John Cadice, creator of Tentacle Bento, says that while the game is full of sexy girls, and a “horrid, tentacle flailing, slime oozing monster from outer space,” his game is not about tentacle rape, but rather tentacle…tickling. And cake baking. Anything but rape.
Cadice says the game is a satire of a “horrid genre of anime,” but I simply don’t see the satire. It’s cuter, it’s lighter, but that does not a satire make. So I am meant to believe that while the game is based on the genre of tentacle rape anime, it is not about tentacle rape. There’s clearly a fundamental disconnect between our consideration of inference and implication versus intent.
I got an email from Cadice not two hours after my initial article, and within 24 hours the Kickstarter was canceled. We had a dialog all along the way, which was a very curious process. First Kickstarter limited the game’s searchability. The game was now only viewable through direct links. At the same time, my article, as well as Kotaku’s, had given the game greater media attention, and after my article went up the project rocketed up from $23,000 to $30,000 in funding. Clearly, as we scrutinized and criticized the project, we also popularized it.
After the project was canceled at Kickstarter, I wondered to myself – while I felt I had struck a blow against a game I found to trivialize rape and molestation, had I also struck a blow for censorship on Kickstarter? In the end, I feel this project shouldn’t have been allowed on the site in the first place – most of the approvals process at Kickstarter happens at the front end – it’s allowed, or not, based on what Kickstarter decides. I think this one simply fell through the cracks, and simply got canned much later than it should have.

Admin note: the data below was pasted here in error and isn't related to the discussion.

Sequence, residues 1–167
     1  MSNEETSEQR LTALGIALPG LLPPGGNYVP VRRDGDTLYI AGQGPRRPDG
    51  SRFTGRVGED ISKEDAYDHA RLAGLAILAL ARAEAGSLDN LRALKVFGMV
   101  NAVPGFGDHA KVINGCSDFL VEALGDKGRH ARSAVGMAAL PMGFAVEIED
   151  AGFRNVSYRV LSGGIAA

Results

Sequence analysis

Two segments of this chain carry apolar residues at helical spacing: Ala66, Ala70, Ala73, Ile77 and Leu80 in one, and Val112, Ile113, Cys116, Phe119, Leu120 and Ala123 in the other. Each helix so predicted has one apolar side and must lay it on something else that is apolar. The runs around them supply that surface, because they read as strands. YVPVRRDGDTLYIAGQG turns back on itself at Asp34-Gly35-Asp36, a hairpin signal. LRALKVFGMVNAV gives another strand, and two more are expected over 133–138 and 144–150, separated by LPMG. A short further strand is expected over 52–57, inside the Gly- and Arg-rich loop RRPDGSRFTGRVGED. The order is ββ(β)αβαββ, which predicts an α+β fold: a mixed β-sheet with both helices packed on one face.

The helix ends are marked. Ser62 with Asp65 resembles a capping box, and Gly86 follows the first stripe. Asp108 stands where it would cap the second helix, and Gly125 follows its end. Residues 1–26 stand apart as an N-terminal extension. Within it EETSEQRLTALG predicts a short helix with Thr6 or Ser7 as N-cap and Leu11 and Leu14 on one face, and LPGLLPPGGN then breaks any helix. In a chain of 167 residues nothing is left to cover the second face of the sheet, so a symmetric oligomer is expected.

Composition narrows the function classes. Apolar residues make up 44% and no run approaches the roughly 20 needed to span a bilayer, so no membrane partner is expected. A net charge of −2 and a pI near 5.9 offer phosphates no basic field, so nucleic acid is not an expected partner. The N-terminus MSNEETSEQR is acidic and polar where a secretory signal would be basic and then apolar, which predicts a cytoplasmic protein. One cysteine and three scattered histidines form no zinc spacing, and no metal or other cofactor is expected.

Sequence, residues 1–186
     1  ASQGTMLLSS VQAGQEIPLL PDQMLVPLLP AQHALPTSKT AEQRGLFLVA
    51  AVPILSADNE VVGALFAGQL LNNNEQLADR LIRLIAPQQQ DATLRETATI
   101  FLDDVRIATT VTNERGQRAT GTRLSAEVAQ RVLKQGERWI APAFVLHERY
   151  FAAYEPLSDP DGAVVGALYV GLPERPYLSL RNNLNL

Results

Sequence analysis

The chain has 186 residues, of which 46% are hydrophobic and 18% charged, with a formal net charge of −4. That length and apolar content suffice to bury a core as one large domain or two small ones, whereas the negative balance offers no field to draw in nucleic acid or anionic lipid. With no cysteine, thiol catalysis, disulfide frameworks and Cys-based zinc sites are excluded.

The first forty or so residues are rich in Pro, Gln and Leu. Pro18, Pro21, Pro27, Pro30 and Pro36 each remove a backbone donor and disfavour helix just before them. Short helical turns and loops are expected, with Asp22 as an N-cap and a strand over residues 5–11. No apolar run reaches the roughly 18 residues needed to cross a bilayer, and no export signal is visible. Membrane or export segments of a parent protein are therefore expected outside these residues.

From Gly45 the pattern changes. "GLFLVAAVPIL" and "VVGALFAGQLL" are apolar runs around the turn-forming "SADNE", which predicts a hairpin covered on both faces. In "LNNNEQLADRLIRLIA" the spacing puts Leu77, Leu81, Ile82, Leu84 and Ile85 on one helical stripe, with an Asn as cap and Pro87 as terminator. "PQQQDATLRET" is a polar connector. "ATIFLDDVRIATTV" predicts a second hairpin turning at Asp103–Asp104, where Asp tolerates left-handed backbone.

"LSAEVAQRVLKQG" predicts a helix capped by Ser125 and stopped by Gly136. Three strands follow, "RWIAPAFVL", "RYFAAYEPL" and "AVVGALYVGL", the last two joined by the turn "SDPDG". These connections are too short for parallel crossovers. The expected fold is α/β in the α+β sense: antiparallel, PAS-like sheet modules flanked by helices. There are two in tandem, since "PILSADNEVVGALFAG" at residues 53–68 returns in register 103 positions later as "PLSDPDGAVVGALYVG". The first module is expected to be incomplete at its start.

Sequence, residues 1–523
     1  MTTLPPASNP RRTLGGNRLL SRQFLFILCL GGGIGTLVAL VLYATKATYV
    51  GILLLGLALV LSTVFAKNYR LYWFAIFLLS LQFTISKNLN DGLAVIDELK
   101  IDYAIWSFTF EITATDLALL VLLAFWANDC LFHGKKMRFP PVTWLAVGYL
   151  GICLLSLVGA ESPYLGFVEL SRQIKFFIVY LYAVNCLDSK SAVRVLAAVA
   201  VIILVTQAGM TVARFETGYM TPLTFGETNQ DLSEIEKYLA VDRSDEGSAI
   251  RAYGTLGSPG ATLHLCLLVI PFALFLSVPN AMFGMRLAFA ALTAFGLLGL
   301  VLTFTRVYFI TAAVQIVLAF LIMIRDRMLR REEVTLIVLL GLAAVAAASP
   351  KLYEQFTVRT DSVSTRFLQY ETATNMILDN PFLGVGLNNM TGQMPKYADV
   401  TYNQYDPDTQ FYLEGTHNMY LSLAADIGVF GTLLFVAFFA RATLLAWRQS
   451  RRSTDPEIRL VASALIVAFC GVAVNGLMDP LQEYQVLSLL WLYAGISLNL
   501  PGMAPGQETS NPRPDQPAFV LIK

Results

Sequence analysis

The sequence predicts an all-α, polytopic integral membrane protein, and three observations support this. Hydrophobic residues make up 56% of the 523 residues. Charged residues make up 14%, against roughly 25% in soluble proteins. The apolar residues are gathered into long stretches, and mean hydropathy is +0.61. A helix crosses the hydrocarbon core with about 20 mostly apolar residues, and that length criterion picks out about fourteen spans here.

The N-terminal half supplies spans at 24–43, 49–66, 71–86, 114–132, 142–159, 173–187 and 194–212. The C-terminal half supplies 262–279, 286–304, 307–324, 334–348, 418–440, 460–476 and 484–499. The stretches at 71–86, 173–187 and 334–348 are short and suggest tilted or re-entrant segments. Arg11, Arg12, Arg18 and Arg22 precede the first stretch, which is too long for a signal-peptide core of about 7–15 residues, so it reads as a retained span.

I’ve been asked by some what part of the Kickstarter terms this game violates. It’s entirely subjective, but it’s right here: “Offensive material (hate speech, inappropriate content, etc).” There are some who don’t find this game offensive. Its creator claims the game is clearly not about rape or molestation. I maintain, based on looking at the Kickstarter itself, that it is, he just has a much higher threshold for it than I do. You could also make a case for it glorifying acts of violence, depending on which side of the “does this infer rape” argument you fall.
In the end though, I couldn’t stop the game from getting funded. The project had moved to its own site, and appears to be well on its way to coming out. I still maintain that the game is a trivialiation of rape and molestation, and that those supporting it are supporting that mindset. Cadice disagrees. In the following interview, Cadice speaks his mind about his project, and where he says it’s really coming from.